"Schoolin' Life" is an uptempo R&B and funk song, which contains elements of disco and dance-pop.[5][6][7][8] Built on a 1980s-inspired beat,[7] the song's instrumentation includes old school synthesizers,[6] 1980s-sounding drum kits[9] wailing electric guitars,[10] and horns.[11] Music critics, including Jamie Peck of MTV noted that "Schoolin' Life" was inspired by the prime work of Prince, particularly because of its lyrical content, the instruments used, and Knowles' style of singing on it.[6] Lyrically, the song finds Knowles detailing her experiences as she was growing up.[11] In the first verse, she employs guttural vocals to address many life lessons to "20-somethings", "30-somethings", "40-somethings", and "50-somethings".[6][7][12][13] Knowles warns them against some consequences,[14] affirming "time really moves fast"[13] and that growing up fast will leave them wanting more.[10] Knowles also talks about still excelling in a world where parents try to shield everything, "Mom and dad tried to hide the world / Said the world's just too big for a little girl / Eyes wide open can't you see / I had my first heels by the age of 13".[15]

"Schoolin' Life" is an R&B-funk song, on which Knowles adopts guttural vocals as she confesses that she is great at writing physical love letters, before asking: "Who needs a degree when you're schoolin' life?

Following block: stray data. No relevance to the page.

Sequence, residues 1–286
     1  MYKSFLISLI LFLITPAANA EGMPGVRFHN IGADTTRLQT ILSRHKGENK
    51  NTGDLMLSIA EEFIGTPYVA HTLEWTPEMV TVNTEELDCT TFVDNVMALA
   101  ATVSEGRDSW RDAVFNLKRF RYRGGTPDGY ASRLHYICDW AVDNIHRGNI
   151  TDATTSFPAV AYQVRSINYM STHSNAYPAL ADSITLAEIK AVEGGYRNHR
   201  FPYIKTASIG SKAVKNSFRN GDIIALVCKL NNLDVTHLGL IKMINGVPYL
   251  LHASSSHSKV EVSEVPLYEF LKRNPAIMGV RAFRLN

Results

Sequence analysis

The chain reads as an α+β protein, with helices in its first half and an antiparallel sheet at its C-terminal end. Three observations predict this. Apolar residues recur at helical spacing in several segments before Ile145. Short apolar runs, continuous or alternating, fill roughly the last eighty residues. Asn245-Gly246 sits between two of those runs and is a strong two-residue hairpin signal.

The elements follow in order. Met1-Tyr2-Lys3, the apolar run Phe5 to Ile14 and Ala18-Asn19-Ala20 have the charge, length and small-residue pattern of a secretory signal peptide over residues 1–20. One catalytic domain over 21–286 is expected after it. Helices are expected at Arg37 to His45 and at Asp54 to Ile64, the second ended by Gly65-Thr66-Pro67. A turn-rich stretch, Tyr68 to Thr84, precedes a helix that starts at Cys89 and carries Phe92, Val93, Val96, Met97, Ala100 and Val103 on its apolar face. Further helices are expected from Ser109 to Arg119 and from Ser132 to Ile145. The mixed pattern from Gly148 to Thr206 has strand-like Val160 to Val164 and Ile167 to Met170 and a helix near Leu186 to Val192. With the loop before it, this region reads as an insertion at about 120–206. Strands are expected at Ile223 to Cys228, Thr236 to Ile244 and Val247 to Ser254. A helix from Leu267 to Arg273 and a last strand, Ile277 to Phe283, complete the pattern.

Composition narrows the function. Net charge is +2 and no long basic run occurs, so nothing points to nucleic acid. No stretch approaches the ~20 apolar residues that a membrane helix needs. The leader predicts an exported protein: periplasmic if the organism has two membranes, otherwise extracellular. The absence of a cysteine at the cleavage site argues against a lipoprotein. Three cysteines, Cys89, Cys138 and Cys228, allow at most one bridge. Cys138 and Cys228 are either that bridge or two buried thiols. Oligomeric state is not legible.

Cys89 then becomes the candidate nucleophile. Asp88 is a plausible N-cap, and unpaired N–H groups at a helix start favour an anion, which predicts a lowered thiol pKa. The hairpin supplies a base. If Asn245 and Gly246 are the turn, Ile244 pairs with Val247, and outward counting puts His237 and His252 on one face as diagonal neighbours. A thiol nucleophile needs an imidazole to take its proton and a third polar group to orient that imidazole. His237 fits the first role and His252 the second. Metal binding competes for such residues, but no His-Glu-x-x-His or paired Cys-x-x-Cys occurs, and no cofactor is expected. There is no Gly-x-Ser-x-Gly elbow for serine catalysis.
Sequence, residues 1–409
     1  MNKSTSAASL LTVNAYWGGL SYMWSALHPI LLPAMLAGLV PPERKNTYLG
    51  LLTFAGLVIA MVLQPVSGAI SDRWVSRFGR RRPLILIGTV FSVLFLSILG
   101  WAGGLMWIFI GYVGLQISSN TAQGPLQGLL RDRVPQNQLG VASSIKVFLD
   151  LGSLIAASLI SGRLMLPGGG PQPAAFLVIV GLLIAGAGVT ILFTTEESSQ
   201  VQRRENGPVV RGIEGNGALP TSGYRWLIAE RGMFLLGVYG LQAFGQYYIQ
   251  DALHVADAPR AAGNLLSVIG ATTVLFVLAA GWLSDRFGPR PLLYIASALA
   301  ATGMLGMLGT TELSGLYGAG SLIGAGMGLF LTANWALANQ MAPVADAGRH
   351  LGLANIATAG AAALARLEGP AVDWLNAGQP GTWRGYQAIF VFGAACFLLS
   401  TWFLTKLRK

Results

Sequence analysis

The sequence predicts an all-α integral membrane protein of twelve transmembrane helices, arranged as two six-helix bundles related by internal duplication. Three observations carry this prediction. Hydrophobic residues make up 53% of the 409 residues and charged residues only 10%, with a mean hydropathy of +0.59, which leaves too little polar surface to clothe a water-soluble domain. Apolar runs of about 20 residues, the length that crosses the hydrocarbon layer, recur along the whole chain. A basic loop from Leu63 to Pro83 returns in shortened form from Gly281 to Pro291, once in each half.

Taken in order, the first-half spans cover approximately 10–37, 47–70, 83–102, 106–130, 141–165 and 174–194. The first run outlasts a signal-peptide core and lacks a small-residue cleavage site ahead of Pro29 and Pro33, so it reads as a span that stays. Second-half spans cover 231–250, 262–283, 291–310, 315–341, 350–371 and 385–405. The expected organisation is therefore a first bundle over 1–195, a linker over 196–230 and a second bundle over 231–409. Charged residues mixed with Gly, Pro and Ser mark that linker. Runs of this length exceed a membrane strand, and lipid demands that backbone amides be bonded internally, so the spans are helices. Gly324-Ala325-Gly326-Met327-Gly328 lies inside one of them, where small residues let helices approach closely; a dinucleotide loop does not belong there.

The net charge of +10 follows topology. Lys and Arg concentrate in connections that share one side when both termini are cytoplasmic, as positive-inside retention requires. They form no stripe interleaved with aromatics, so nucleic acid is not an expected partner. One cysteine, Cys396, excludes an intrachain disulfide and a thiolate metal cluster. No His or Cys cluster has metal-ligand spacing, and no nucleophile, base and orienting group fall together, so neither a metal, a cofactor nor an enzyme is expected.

Problems playing this file? See media help.

In the chorus, Knowles gives listeners a flashback to her friskier days[16] and admits that she is certified neither as a teacher, a preacher nor a doctor, but is willing to perform their various duties regardless.[6] She also sings, "I'm great at writing physical love letters", and "I'm a freak, all day all night".[6] After asking, "Who needs a degree when you're schoolin' life?",[17] Knowles echoes, "Oh oh oh oh oh oh woah oh oh".[10] In the second verse, she continues to sing about the ins and outs of life to the "pretty somethings", "sexy somethings", "bitter somethings", and "little somethings":[13] "Living in a fastlane, see you when you crash babe", "That body ain’t always gonna get you out of everything", and "Stop living in regret, it’s not over yet".[13][14] In the bridge, she commands, "Make your life what you decide / Baby, party till the fire marshal shuts this sucker down".[6][13] The song ends with Knowles giving one her final lessons, "Don’t stop running until it’s finished — it’s up to you, the rest is unwritten".[13]

Critical reception[edit]